The first sentence is important for Canada in this article naming the F-35 JSF (joint strike fighter) as the F-35 Light Strike Bomber. USAF General Hostage : "The F-35 is not an air superiority platform, it needs the F-22". Canada requires an air superiority / interceptor as the most important mission for Canada to protect air space and territorial sovereignty. Neither the F-35 or the F-18E Super Hornet are air superiority / interceptors. They are glorified strike jets lacking range and speed that do not have the super sonic armed cruise or the 1,000 km greater longer range capability of the three European options for Canada, the Saab Gripen E, EADS Typhoon and Dassault Rafale.
The F-35 "stealth" is a myth with new technology to detect it at long range and it has a very high heat signature that cannot be "cloaked". F-35 requires expensive lengthening of arctic runways by 2,000 ft and it requires the installation of a drage chute for such operations. The list is endless why the F-35 would be a disaster for Canada. The claim of technology superiority in the F-35 is insulting as Saab's overachieving best safety and engine reliability fighter in the world, the Gripen E interceptor fighter that would cost Canada less then 1/2 as much to buy and nearly 1/4 the cost to fly already is offered to Canada with a GaN radar and infra red tracking system a generation ahead of what the F-35 and F-18E are offering Canada. There are better more cost effective choice for Canada to provide a competent fighter to replace the CF-18 without consuming the defense budget. Demand a fair and open fighter tender process with clear mission requirements and budgets.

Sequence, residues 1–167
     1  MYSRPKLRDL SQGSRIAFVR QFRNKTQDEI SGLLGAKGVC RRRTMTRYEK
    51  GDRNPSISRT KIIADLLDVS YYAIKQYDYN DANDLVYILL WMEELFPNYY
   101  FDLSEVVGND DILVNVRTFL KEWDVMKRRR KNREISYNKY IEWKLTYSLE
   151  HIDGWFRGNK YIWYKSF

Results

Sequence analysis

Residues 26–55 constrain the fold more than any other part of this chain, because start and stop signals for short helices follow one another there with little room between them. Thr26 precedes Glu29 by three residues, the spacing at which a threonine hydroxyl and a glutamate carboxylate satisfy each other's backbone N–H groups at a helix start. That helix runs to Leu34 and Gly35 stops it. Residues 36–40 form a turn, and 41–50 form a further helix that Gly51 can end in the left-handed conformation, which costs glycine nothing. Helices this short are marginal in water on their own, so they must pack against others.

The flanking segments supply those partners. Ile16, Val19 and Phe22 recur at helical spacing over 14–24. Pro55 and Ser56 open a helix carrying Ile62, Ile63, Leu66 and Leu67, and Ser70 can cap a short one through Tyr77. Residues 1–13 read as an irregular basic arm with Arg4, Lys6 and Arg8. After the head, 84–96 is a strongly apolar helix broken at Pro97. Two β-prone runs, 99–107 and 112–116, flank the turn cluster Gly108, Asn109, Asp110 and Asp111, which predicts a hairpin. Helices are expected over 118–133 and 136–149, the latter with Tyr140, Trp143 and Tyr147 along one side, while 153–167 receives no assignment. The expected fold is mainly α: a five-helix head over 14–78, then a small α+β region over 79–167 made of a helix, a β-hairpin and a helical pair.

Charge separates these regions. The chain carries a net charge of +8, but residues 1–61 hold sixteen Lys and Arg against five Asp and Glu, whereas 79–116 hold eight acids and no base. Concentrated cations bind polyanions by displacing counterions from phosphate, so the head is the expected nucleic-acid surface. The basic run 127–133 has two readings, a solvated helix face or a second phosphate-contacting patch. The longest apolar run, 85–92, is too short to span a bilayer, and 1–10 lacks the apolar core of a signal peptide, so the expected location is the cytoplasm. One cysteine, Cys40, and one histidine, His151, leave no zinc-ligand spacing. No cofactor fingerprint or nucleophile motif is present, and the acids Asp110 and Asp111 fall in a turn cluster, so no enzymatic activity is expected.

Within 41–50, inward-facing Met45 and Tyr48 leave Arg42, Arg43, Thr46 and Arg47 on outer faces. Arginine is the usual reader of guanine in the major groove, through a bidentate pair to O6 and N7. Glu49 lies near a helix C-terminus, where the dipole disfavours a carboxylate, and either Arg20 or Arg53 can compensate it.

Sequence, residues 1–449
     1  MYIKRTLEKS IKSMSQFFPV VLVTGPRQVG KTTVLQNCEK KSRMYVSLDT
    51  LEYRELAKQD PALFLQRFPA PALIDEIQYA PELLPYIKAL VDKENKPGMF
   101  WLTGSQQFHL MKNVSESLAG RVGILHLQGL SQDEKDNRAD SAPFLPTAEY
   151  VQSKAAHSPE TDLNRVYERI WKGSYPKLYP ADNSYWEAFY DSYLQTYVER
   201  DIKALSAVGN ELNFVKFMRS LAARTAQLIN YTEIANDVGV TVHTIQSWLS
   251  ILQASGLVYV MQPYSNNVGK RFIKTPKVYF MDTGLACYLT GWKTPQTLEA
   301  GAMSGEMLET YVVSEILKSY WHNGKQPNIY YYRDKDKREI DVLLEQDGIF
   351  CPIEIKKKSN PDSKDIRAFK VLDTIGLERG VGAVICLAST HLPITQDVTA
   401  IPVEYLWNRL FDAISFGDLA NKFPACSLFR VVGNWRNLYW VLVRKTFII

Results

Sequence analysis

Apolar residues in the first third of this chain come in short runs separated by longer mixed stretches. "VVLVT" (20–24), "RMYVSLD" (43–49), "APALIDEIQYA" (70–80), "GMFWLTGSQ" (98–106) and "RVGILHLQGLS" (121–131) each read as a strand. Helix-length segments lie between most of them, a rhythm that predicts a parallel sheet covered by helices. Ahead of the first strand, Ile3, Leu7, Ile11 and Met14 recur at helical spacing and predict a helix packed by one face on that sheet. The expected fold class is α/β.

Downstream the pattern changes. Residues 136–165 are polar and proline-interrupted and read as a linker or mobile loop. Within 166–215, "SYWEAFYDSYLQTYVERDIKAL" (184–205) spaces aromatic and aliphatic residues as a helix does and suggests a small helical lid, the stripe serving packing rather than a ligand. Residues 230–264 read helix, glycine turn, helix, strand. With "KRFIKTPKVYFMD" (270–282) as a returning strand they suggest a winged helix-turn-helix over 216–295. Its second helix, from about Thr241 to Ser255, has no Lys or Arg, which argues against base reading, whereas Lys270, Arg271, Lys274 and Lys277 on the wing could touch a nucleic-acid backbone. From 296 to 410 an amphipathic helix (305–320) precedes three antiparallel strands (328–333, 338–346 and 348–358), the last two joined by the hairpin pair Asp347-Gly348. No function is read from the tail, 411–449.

I share most of your views, Anon. Something I've tossed around is a joint venture with SAAB to incorporate all their manufacturing and technological advances into a new, twin-engine airframe.
Like it or not, Canada can't get by with just air superiority/intercept capability. We need a multi-role fighter but one with the performance characteristics to provide the range and speed we need to cover our vast, empty north.